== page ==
Motor industry followers know the routine all too well. Chasing headlines and brand publicity, car manufacturers gather at periodic motor shows to whip the covers off their latest concepts.
Sometimes these are impractical and highly styled 'design studies', stopping to shock and provoke reaction while not being remotely qualified to mass production. Only small design elements of these concepts tend to find their way onto a company's future cars.
Other times these concepts are proposals for actual models, accurate in size and general shape but typically with exaggerated styling features like larger wheels or front grille, bulging wheel arches and narrows lights or a slimmer window glass area.
The dramatized looks impress and often cause great excitement among potential buyers, but when the real model comes along disappointment can follow at the loaded-down showroom version.
However, every now and then, a company surprises industry commentators and its customers by revealing a stunning concept car that survives the journey from drawing board to showroom almost unchanged.
Just take a look at these five recent examples.
Range Rover Evoque – This new baby model in the Land Rover range first broke cover as the LRX 'cross-coupe' concept at the Detroit motor show back in January 2008. It aimed to offer buyers "a desirable, premium and coupe-like SUV "and was designed as a more compact and environmentally conscious alternative to the brand's large 4×4 models. The production version was disclosed at the Paris motor show in September 2010 ahead of first deliveries to customers earlier this year and stunned commentators by retaining near identical bodywork to the striking LRX concept. Now industry pundits are wondering whether Land Rover is about to pull the same trick with this year's DC100 concept, so far touted only as a "modern reinterpretation" of the company's classic original defender model. Will it also make it to production extremely unchanged? Only time will tell.
Jaguar XF – The XF made its debut back in 2007 as the C-XF concept, a proposed replacement for the company's retro-styled S-Type model. The design started commentators with its marked departure from Jaguar's long-held style language, in particular its recessed grille, sleek lights and far less curvaceous bodywork than the company's previous models. Thought to have only been a study previewing elements of a new design direction, Jaguar truly shocked the motoring world later the same year by revealing a production XF that was largely unchanged from the concept. Few could believe that the company was planning to smash its classic design mold so completely. This year's facelift has brought the XF even closer to its C-XF concept by adding the slimmer headlamps seen on the original motor show star. The XF has ushered in a new era in Jaguar styling that has been transported forward to the company's latest new model, the XJ, much to the classic British company's sales success.
Volkswagen Scirocco – VW's Iroc concept broke cover at the 2006 Paris motor show with a name that clearly evoked memories of the company's sporty Scirocco model made between the mid 1970s and early 1990s. Always expected to reach production, the Golf-based showroom version inherited the Scirocco badge and hit the road in 2008, but did surprise by retaining styling as aggressive as the original concept. The only major change to the car's shape was to the Iroc's bold front grille, which was toned down into a slim version complete with wraparound bumper to both make the car suitable for road use and match the corporate 'face' of the company's other models. The Scirocco's sporty styling and spacious, four seat interior have made it a popular addition to the VW line-up.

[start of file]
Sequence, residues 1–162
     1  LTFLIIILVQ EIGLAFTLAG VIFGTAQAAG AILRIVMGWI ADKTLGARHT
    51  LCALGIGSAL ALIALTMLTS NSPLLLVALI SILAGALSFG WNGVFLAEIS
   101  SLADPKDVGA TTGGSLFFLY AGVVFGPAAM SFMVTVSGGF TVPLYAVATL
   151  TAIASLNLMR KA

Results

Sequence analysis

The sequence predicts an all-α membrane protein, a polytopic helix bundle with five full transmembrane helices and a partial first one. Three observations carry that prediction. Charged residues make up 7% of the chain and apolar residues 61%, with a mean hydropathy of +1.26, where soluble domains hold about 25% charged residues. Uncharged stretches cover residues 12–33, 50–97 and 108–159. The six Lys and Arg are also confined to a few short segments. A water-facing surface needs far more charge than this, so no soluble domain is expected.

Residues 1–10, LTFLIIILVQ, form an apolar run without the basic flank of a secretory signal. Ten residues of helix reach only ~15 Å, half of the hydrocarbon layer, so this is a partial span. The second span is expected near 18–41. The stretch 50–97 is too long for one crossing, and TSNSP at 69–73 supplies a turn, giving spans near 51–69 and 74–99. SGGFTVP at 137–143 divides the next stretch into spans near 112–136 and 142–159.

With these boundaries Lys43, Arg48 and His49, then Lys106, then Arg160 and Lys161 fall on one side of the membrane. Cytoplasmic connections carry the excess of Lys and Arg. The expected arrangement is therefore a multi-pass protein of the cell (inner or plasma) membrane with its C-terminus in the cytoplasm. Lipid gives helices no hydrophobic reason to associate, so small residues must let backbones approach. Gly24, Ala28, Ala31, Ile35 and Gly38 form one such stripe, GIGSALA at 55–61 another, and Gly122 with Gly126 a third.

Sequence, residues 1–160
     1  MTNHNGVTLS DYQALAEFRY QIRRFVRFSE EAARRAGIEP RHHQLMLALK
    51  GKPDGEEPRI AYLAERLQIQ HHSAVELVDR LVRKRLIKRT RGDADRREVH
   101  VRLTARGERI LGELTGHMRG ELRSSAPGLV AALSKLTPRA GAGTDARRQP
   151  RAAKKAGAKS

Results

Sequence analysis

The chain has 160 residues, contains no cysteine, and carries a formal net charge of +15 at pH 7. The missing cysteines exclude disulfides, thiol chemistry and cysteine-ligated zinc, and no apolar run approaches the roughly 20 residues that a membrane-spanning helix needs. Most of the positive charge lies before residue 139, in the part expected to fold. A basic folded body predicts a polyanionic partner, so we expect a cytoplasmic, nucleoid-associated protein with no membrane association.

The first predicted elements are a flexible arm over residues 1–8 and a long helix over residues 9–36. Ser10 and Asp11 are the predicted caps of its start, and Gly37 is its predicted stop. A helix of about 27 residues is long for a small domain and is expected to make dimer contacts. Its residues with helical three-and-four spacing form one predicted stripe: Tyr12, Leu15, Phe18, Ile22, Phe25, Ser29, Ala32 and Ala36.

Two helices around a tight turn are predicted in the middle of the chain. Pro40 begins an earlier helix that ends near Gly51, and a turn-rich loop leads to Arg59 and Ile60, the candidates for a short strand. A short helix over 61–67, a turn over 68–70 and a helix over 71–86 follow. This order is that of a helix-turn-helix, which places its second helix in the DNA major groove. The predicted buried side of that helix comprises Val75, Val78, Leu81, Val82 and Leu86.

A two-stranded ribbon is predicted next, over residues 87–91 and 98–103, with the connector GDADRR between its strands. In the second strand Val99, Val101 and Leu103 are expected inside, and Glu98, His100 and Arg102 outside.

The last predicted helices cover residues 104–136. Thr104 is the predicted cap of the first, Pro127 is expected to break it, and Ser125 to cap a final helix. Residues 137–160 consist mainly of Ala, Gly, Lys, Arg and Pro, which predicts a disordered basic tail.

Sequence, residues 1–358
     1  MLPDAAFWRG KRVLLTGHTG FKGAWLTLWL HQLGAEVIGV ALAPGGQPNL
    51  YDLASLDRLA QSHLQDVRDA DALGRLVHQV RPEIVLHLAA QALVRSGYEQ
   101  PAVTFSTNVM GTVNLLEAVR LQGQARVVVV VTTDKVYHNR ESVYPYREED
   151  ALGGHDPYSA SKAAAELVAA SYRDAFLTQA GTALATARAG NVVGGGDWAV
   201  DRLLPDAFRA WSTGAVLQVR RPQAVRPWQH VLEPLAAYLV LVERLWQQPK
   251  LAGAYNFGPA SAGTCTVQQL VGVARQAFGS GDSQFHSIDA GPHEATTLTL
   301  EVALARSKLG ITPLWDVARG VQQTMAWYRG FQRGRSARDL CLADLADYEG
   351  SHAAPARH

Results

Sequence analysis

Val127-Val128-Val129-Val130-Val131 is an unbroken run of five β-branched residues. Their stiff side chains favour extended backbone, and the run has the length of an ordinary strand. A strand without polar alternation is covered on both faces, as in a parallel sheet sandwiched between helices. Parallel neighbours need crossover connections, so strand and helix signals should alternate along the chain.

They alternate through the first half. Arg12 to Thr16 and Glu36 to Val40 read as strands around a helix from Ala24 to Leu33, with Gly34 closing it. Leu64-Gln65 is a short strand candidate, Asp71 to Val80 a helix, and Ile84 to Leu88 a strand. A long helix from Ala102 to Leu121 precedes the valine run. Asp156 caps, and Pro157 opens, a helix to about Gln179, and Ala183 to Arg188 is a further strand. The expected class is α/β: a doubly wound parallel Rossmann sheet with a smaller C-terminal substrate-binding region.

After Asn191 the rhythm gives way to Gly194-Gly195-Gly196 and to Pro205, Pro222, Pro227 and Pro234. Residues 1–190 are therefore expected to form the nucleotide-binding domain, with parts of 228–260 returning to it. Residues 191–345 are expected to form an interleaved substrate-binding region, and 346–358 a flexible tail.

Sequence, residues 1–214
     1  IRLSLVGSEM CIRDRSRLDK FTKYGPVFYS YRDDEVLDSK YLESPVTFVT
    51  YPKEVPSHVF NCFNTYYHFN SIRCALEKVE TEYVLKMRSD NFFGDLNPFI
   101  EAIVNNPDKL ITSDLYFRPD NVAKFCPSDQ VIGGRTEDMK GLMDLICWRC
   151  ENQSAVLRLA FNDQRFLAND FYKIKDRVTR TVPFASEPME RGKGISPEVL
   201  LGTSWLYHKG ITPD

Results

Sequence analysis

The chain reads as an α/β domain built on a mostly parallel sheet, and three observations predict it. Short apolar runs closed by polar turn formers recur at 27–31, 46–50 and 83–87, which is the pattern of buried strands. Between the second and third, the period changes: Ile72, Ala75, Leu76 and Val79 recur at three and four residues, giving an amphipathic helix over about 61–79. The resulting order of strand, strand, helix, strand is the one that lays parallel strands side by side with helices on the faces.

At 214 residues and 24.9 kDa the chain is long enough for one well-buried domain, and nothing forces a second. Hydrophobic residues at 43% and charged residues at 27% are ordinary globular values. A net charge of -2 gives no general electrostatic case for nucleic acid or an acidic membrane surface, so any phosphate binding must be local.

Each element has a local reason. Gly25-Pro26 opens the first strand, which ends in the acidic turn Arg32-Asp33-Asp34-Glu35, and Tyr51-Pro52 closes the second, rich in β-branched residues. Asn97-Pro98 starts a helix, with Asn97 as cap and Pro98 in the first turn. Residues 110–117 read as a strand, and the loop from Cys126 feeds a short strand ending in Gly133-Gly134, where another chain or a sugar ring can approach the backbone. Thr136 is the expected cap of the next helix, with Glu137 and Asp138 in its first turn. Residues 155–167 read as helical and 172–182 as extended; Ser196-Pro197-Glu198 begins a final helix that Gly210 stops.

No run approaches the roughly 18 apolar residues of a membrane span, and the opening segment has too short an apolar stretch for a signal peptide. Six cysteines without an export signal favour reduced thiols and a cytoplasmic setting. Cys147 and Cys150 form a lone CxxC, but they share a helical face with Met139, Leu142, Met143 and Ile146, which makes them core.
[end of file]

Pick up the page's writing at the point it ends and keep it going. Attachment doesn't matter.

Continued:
Nissan Juke – When Nissan's Qazana concept first appeared at the Geneva motor show in 2009, its unusual dimensions and quirky styling led few to believe it could be anything other than a design study. Yet when the company's Juke 'mini-crossover' model was unveiled in 2010, it was not just the broad shape of the Qazana concept such as the prominent wheel arches, high waistline and coupe-like appearance that were carried over without dramatic change. So too were some the concept's most striking styling features, particularly the unusual arrangement of front lights. Seemingly a popular choice with people looking for a distinct alternative in the small family car market, Nissan looks to have repeated the previous success of its larger Qashqai family crossover since potential Juke buyers now face a long waiting list.
Peugeot RCZ – debuting in 2007 at the Frankfurt motor show as the 308 RCZ, this sporty concept aimed at rivaling the popular Audi TT was a design departure for Peugeot and achieved critical acclaim for its attractive styling. Surprised by the public response, Peugeot took the decision to put the RCZ into production and, to avoid disappointing enthusiasts for the original concept, ensured that its show car looks such as the prominent wheel arches and sleek roofline with 'double bubble' rear window were carried over. The road-going RCZ went on sale in 2009 and so far over 30,000 examples have found homes.
Thankfully breaking the mold is a trend that seems to be growing for car makers, often in a quest for distinctiveness or 'halo' models that draw attention to the rest of a brand's range. Manufacturers will also have noted that recent examples, like those above, have proved popular and resolved in sales success. Let's hope that this trend continues, because who would not rather drive around in a head-turning, every day show car for the road?